Sunday, September 22, 2013

Breaking Bad, Turn-of-the-century American Literature, and Catharsis

The Scene

A woman stands at the water's edge. She's married with children. At one point, marriage and motherhood provided her with joy. She now has lost whatever passion she had for life. She attempted to find that thrill of life via an affair. It didn't work. Now she doesn't feel anything. She's numb. She attempts to regain some sense of feeling by dipping a toe into the cold water. Nothing. She continues deeper and deeper into the water searching for SOME feeling. Nothing. It's not that she wants to die. She simply wishes to cease living. Eventually she's fully submerged.

Is the woman Skyler White or is it Edna Pontellier?

Edna who?

I am admittedly a Breaking Bad neophyte, but what I love about the show is the wealth of literary sources it draws on. The scene above, from the episode Fifty-One, could just as easily have been from Kate Chopin's The Awakening. From what I can tell, no one has made this connection yet. There are probably several allusions per episode. It's part of what makes the show great. In an age of so much reality television (that isn't really reality) BS, it's nice to watch a show that is intelligent and thought provoking.

Catharsis vs. Kenosis

Vince Gilligan is obviously well versed in the theory of writing. He regularly draws on techniques used from Greek tragedy, to Shakespeare, to postmodern story-telling. Catharsis is central to all of these. A cathartic experience for the audience is similar to fasting or a detox program -- it empties oneself of unneeded accretions of daily life in order to rearrange the things that truly matter. In this sense, it is similar to the concept of repentance (metanoia). We stop, look around, and reassess our priorities. Good TV can help with this.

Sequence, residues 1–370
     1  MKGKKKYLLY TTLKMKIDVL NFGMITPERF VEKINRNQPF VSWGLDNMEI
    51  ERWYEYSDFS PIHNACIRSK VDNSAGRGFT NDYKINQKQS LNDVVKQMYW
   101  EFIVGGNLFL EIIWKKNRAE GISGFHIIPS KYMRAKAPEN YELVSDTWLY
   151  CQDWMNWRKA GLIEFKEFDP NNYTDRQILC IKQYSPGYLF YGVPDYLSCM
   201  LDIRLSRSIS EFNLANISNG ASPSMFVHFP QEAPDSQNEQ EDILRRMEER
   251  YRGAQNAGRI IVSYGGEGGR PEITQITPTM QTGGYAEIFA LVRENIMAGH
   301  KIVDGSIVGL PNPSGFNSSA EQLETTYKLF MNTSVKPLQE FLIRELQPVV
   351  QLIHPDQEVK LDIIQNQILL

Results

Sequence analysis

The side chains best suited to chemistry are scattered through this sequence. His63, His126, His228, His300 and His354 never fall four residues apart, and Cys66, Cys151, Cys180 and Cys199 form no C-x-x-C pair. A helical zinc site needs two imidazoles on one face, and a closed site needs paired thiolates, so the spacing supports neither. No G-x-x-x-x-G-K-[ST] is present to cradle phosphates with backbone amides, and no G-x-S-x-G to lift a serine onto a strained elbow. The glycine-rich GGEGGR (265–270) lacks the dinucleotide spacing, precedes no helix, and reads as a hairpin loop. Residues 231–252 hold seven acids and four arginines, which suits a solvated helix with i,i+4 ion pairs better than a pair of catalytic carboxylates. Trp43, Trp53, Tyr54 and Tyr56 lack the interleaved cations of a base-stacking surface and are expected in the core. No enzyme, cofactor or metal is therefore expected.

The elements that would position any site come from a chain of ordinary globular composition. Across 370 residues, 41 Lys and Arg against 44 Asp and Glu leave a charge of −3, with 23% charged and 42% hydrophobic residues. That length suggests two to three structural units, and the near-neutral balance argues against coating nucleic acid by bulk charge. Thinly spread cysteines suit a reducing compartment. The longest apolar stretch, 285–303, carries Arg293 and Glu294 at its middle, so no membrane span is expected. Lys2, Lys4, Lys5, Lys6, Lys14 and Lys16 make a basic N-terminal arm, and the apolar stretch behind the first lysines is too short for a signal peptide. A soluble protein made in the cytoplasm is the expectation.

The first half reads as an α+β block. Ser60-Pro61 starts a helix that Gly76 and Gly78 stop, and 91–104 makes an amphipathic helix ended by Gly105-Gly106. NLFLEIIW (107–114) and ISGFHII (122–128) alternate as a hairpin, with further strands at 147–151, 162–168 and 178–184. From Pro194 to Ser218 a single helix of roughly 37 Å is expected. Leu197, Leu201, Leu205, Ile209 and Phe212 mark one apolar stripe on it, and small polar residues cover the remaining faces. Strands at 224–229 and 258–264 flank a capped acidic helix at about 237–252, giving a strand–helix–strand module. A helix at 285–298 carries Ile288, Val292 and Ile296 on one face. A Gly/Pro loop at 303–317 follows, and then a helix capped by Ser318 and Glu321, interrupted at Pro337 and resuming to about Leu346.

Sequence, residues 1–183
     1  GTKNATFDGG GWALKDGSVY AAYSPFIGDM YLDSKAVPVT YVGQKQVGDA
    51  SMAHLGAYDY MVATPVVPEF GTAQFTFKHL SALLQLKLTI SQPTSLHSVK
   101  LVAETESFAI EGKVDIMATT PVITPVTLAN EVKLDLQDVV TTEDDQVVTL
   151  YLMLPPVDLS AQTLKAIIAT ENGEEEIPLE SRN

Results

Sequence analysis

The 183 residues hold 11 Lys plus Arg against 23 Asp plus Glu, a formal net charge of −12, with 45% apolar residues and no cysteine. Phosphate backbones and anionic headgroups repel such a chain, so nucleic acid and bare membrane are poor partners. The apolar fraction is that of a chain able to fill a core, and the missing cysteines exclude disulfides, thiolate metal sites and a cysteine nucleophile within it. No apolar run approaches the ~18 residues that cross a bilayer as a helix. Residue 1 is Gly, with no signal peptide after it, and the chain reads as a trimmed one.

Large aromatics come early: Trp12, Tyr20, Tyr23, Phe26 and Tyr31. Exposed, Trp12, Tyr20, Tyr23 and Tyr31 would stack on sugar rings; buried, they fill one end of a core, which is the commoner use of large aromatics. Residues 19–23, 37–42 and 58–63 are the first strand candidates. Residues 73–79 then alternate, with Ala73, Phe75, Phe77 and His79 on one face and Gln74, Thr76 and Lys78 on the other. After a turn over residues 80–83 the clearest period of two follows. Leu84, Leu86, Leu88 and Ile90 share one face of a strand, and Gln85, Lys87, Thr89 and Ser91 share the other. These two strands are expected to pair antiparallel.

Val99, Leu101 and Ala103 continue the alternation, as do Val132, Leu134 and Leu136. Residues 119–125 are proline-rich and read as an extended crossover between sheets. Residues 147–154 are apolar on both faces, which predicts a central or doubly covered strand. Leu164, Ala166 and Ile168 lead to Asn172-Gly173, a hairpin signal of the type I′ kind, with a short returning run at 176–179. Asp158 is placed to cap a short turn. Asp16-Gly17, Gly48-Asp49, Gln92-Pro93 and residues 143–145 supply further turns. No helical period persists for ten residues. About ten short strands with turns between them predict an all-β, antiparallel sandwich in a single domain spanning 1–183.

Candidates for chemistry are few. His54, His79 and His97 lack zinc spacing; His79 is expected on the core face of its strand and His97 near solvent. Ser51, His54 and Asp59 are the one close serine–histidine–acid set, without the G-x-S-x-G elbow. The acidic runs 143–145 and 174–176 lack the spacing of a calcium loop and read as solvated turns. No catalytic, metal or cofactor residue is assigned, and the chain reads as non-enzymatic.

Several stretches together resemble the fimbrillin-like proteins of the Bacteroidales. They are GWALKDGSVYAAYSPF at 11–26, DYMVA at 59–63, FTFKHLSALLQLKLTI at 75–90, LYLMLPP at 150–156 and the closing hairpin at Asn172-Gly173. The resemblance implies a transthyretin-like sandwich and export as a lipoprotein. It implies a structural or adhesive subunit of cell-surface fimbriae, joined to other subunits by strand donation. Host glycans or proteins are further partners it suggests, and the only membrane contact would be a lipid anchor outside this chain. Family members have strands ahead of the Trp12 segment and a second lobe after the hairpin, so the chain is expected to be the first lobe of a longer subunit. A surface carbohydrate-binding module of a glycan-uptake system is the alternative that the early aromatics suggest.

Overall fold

Kenosis, on the other hand, is an emptying of oneself. While this can make room for other things (such as in the archetypical kenotic experience of Christ emptying himself in order to perform solely the will of the Father), in contemporary culture we empty ourselves and that's the end of it. No refilling. No finding other priorities. No reassessment. There is plenty of programming on television that serves a kenotic function. We "escape" into the world of the Kardashians, emptying our minds while we persist vegetatively in an unreal reality show.

Someone may watch the Karsashians and decide to look more into fashion. Great. That's just what this world needs. Someone watching Breaking Bad may decide to delve more into chemistry (hopefully not with the intent of cooking meth, but rather of understanding the dialog -- the "chirality" and "exothermic" stuff). Or read the wiki on Shakespeare to understand just why so many people compare Walt to Macbeth.

Vince Gilligan is obviously a creative guy. But what he has created in Breaking Bad is also creative. The show is itself a  creator.

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